Galvin: The biggest problem is the lack of manufacturer interoperability between network cameras, NVRs and video management software. All network surveillance systems are currently proprietary because every network camera integration with an NVR or software product is unique. With interoperability, network video can achieve a level of â€œplug-and-playâ€ that has been the norm in analog CCTV systems and similar to how we expect our printers, digital cameras, networking gear and other IT devices to work with our PC.
Honovich: I agree. The biggest problem is constraints on what cameras work with what video management systems. Compared to analog, where all fixed cameras essentially worked with all video management systems (NTSC/PAL are standards), IP video specification is significantly undermined by the lack of standards.
We have a number of groups trying to create some sort of standards for network surveillance device interoperability. Is that good or bad? Does the existence of competing groups help or hinder the standards-writing and adoption process?
Honovich: Competing groups hurts the process. On the other hand, the reality is that the standards creation process is a fight to shape the future of a multi-billion dollar industry, so such competition is to be expected.
Galvin: The fact that there are multiple groups trying to standardize reflects the strong recognition that standards are needed. It will likely accelerate the adoption of a standard.
Damjanovski: I personally don't think it is a good idea to have competing standards in preparation. Eventually, only one of the groups will prevail, and the time lost by the non-prevailing groups could be used more productively and more efficiently if everybody works together. This is the reason we (in Australia) openly invite all readers and industry experts to comment and contribute to AS4806.5. Although the AS refers to the Australian Standards, we think it is a very good starting point. In the AS4806.5 draft proposal, we have yet to define protocols and formats, but the more important thing for us at the moment is to make normal users aware of the already existing differences in products and formats and how to evaluate them. Once this passes the industry acceptance (with possible proposed modifications) we would propose (or use) some of the agreed data and image protocol(s), if they ever come out from the various groups you are referring to [such as PSIA and ONVIF].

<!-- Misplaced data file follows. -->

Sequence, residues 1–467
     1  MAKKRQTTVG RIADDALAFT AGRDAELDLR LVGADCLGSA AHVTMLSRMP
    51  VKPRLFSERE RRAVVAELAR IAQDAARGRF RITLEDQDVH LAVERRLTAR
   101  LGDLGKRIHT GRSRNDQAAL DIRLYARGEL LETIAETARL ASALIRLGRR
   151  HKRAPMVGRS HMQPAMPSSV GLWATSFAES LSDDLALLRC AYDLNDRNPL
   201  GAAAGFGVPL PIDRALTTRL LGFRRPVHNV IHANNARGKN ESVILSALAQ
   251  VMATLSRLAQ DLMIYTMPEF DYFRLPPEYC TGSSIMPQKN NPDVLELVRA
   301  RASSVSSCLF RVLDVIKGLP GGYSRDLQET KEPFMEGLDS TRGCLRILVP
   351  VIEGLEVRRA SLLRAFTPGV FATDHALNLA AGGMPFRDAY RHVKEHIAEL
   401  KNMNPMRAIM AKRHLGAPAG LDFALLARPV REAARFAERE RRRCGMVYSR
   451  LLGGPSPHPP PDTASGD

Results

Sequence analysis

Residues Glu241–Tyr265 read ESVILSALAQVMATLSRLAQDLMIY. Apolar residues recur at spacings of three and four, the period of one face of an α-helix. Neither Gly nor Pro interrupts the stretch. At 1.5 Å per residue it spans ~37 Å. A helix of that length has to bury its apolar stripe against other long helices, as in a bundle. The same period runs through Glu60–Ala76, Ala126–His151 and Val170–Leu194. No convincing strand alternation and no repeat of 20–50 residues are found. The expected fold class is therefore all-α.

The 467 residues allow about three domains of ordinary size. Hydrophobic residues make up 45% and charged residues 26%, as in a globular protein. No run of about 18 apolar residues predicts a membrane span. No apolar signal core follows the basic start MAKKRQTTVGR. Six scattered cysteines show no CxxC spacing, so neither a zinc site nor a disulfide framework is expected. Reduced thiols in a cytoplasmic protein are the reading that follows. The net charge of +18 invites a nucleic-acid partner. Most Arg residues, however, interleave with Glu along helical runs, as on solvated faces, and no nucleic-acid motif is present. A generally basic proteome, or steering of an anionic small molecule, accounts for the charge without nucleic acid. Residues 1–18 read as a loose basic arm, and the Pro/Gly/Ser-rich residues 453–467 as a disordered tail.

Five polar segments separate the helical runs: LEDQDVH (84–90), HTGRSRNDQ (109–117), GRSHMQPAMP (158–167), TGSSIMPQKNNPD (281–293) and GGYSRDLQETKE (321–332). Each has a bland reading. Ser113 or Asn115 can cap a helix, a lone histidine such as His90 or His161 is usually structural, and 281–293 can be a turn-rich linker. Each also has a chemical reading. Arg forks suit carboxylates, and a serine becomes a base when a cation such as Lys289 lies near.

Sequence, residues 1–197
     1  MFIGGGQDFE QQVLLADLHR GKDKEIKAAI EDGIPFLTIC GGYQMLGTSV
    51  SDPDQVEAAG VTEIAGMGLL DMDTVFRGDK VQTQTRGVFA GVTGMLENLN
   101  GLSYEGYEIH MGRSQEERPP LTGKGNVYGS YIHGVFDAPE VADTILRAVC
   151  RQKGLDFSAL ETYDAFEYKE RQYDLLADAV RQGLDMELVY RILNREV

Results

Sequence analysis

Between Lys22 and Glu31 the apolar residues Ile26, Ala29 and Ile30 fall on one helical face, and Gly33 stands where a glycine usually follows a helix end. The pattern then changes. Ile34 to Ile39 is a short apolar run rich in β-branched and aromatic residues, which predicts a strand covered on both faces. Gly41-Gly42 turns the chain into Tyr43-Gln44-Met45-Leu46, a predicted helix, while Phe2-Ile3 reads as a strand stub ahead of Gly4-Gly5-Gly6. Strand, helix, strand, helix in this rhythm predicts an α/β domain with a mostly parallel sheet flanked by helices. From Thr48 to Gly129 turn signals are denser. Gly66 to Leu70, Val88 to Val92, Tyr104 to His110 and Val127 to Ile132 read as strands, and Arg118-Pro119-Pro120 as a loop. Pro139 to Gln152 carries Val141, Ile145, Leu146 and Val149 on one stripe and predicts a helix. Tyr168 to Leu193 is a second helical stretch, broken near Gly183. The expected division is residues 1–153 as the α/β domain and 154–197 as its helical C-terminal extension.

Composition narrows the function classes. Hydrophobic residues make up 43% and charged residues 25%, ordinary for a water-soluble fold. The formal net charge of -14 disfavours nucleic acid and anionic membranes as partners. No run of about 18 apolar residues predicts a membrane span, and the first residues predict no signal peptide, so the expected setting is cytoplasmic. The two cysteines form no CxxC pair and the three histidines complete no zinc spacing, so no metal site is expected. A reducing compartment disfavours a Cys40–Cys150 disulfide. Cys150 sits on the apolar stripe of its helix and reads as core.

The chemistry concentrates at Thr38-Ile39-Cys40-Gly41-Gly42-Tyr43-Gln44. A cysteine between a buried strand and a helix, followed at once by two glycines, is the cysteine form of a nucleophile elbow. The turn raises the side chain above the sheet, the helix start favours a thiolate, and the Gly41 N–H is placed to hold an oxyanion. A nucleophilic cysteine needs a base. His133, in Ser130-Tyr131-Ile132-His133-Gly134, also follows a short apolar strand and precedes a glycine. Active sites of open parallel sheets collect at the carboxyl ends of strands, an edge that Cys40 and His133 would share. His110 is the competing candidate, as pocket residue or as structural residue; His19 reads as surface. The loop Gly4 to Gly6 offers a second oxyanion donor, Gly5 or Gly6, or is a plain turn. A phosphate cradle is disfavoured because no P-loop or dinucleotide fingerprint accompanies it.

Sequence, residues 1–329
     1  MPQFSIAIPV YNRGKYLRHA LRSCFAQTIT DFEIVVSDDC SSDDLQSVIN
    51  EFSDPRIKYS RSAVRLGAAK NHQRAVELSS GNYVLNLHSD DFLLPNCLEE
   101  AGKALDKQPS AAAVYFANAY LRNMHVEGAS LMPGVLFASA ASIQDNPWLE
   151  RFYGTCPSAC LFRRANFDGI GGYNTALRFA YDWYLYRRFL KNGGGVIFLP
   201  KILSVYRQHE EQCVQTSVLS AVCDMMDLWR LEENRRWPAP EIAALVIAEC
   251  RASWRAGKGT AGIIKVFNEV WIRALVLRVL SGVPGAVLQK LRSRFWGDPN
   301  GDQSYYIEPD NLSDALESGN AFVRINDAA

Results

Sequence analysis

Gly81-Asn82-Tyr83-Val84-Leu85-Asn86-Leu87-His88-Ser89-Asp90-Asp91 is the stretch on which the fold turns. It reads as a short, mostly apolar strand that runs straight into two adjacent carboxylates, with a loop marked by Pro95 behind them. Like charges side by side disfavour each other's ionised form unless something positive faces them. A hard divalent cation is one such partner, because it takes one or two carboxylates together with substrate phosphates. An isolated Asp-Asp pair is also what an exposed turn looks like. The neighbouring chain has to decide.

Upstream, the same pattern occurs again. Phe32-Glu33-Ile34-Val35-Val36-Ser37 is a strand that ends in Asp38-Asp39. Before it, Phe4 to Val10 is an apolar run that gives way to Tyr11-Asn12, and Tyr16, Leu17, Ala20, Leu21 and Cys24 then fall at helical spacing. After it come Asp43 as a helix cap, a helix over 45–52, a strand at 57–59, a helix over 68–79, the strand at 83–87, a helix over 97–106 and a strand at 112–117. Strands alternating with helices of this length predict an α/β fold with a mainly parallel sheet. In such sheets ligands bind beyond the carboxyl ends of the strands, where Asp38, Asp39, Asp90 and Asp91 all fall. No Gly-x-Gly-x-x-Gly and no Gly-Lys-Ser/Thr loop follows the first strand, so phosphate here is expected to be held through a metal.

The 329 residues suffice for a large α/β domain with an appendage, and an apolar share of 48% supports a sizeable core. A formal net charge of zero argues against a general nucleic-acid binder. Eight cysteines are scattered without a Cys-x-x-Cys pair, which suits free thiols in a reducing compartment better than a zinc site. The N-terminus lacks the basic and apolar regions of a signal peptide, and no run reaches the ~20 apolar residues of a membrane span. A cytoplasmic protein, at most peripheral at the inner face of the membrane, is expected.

Could more than one standard for network video be adopted? What could the impact of that be? Are two (or more) standards better than none?
Galvin: Many standards have already been widely adopted by network camera manufacturers. Many manufacturers have adopted standards for video transport (RTP) and streaming (RTSP) that have been defined by the Internet Engineering Task Force (IETF). Other international standards for video compression (MPEG-4, H.264), audio compression (G.711, AAC) and IT standards such Universal Plug and Play (UPnP) have been adopted. Both the PSIA and ONVIF are packaging a set of existing network and IT standards while defining a new application level standard to address video interoperability. The application level is where the biggest opportunity for interoperability exists. The application level defines interfaces for PTZ control, device configuration and event handling. This is currently where the PSIA and ONVIF can potentially compete or collaborate. I believe that a single standard will emerge at this level.
Damjanovski: There has been a long battle between PAL and NTSC, many products made in two different versions, a lot of un-necessary production costs. The High Definition TV puts an end to this, and today the HD is an international standard. It would be wise and desired for the small CCTV industry (compared to other bigger industries) to have one global standard. But, again, this is only possible if everybody works together. I hope this roundtable may help promote this idea.
Honovich: Adoption of two specifications should not cause significantly more problems than adopting one. Certain low-level protocols demands only one standard or systems' efficiency is severely undermined. For IP cameras, two specifications would be somewhat of a waste but would be workable.
Who would benefit the most (end-users, integrators, recorder/server manufacturers, camera manufacturers, video management software developers, chip developers, etc.) from generally accepted and adopted standards for network video?